Figure 2. Market Access, Plan Control/Design, Affordability, and Government Control Reactions to Recessionary Effects on Overall Drug Utilization and Patient Health Outcomes

    Figure 2-3

    Source: Axtria Inc.

    Not surprisingly, there is also growing evidence on the long-term consequences to patient health (especially on mental health) from the Great Recession due to these effects [4]. Figure 2 outlines the effects of a severe recession on patient health outcomes. The economic and healthcare-access effects from the COVID-19 contagion and induced recession are expected to be much more severe on patient health. Aside from market access and affordability effects, patient-physician engagements have been affected as people are afraid to go to their doctor offices. An increase in virtual telehealth physician-patient engagements can mitigate this effect, though the long-term consequences remain to be seen and measured. People have also delayed important diagnostic tests or elective surgeries for conditions that could become more severe if left unattended over time. So, while the long-term consequences to patient health are still unknown, it is important for pharma companies to understand, predict, and take steps to mitigate such effects that are drug utilization-related and thus under their control.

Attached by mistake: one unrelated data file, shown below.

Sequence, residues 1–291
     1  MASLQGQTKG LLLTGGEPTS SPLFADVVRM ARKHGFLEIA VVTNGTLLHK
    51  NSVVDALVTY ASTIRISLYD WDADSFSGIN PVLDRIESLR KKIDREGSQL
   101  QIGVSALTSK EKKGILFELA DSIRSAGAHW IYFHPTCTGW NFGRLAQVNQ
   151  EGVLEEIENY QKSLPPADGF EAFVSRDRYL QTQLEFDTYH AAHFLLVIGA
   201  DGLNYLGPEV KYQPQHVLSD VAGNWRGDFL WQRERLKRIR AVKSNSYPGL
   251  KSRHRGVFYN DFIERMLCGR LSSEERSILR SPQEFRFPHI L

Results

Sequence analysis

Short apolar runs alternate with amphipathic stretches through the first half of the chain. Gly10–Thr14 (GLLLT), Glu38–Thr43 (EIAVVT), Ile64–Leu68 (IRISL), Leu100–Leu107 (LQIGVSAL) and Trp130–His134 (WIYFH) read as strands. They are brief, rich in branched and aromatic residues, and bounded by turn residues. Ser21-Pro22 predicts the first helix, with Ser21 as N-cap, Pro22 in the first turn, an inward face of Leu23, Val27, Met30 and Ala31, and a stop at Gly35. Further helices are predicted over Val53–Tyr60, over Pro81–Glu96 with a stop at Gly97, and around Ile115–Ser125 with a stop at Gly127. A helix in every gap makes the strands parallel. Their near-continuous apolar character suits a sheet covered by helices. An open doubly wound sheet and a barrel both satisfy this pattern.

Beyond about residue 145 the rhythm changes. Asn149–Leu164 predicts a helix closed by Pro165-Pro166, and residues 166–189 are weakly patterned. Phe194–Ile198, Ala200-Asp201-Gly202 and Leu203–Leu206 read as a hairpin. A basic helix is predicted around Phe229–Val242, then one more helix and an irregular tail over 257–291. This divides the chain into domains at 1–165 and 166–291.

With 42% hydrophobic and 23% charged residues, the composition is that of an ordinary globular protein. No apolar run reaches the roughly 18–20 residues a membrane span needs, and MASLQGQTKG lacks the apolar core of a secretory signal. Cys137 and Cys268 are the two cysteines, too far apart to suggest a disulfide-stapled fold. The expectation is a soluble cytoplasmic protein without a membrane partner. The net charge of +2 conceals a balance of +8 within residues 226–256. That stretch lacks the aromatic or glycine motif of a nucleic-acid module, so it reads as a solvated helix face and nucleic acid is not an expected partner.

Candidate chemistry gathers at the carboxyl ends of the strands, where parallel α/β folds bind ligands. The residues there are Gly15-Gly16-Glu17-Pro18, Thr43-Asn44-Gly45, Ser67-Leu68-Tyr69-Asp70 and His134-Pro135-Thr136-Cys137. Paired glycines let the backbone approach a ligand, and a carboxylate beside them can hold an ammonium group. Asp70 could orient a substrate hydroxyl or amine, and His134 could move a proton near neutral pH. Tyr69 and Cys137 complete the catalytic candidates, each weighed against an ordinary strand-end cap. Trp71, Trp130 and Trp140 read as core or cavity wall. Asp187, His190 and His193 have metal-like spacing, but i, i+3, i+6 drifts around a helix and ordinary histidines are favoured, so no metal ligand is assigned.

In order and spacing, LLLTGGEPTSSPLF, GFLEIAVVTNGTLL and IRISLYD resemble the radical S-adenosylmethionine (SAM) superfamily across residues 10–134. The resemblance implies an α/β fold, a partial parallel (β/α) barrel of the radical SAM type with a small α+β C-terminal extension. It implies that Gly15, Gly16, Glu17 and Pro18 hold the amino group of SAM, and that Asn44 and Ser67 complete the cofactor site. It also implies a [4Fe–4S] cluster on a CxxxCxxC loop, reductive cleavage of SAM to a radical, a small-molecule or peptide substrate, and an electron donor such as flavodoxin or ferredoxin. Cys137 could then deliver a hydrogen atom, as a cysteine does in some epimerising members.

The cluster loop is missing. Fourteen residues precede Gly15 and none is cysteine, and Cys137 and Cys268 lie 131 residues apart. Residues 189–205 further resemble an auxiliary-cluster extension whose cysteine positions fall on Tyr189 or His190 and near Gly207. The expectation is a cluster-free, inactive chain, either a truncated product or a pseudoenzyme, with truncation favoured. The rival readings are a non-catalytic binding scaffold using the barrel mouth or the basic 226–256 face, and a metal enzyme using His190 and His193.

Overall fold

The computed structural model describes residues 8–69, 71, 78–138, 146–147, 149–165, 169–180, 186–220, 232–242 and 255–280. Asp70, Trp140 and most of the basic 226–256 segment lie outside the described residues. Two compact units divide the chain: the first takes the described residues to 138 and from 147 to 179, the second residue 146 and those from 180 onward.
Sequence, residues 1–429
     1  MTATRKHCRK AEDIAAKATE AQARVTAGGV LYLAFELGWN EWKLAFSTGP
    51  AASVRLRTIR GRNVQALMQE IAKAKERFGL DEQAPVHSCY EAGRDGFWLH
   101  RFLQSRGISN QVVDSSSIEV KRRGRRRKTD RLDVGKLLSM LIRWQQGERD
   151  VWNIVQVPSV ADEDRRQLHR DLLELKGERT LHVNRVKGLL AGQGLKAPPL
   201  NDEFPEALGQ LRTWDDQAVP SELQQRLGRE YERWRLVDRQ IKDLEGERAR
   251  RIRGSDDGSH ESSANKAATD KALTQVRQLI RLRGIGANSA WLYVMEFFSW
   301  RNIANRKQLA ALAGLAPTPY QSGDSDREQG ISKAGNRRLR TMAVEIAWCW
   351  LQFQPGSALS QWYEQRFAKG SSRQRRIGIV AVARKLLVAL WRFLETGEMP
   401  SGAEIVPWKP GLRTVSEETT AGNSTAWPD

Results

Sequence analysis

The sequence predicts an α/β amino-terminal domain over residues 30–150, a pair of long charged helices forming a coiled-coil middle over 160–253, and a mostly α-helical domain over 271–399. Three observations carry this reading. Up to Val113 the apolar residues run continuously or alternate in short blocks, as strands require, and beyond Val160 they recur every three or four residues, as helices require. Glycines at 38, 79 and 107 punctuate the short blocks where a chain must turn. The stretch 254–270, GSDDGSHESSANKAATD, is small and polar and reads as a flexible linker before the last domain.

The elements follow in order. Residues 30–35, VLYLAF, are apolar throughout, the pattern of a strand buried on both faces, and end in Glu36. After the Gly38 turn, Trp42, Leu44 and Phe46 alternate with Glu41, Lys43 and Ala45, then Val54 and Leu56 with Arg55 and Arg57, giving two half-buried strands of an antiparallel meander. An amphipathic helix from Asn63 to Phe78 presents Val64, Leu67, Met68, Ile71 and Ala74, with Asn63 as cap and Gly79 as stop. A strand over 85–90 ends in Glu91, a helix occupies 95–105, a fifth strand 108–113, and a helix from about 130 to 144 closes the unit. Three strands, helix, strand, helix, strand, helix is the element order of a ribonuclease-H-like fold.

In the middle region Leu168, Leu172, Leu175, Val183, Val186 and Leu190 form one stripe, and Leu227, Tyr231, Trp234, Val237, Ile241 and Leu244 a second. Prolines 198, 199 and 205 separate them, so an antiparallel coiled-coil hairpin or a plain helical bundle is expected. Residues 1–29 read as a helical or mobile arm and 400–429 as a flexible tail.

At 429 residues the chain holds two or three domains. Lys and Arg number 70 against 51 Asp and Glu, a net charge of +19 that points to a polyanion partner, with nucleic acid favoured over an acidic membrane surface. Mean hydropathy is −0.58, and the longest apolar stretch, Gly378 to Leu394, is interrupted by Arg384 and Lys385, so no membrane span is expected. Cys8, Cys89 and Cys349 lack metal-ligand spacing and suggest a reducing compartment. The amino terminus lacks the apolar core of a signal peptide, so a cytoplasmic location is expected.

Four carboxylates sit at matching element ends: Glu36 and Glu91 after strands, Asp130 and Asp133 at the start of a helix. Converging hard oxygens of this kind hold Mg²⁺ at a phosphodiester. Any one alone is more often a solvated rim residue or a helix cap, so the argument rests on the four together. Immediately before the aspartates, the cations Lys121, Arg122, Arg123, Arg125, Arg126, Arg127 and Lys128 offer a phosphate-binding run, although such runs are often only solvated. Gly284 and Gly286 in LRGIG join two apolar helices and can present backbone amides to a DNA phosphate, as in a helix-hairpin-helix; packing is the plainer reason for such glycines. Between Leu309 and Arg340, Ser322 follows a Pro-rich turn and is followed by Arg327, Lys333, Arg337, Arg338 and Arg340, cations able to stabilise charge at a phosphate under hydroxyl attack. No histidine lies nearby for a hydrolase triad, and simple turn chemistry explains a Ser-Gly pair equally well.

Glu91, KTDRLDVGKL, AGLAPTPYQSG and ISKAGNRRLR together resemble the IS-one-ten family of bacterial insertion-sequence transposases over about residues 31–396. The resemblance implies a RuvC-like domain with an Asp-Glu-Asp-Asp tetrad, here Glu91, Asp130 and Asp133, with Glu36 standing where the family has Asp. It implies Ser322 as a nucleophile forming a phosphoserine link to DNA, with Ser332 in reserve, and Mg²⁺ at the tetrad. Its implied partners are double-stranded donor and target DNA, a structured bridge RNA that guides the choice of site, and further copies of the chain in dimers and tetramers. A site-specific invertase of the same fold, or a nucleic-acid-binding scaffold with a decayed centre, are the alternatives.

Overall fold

foreign-linkLearn More - COVID-19 Recession Effects On Pharmaceutical-Related Patient Health Outcomes

    Pharma Company Actions to Mitigate Patient Health Outcome Effects

    The following five company actions can be taken to mitigate adverse pharmaceutical-related patient health outcome effects caused by a COVID-19 induced recession through reducing drug utilization.
    1. Understand managed market effects, through changes in market access, plan control/design, and government control/Medicaid
      1. Analyze how contracting efforts will be critical in reducing co-pay issues for patients and restrictions placed on physicians to prescribe branded/biologic drugs.
      2. Generate analytical modeling to determine how plan control/design changes will affect physician prescribing away from branded/biologic drugs that can produce lower patient health outcome effects, and in turn, reduce health outcomes.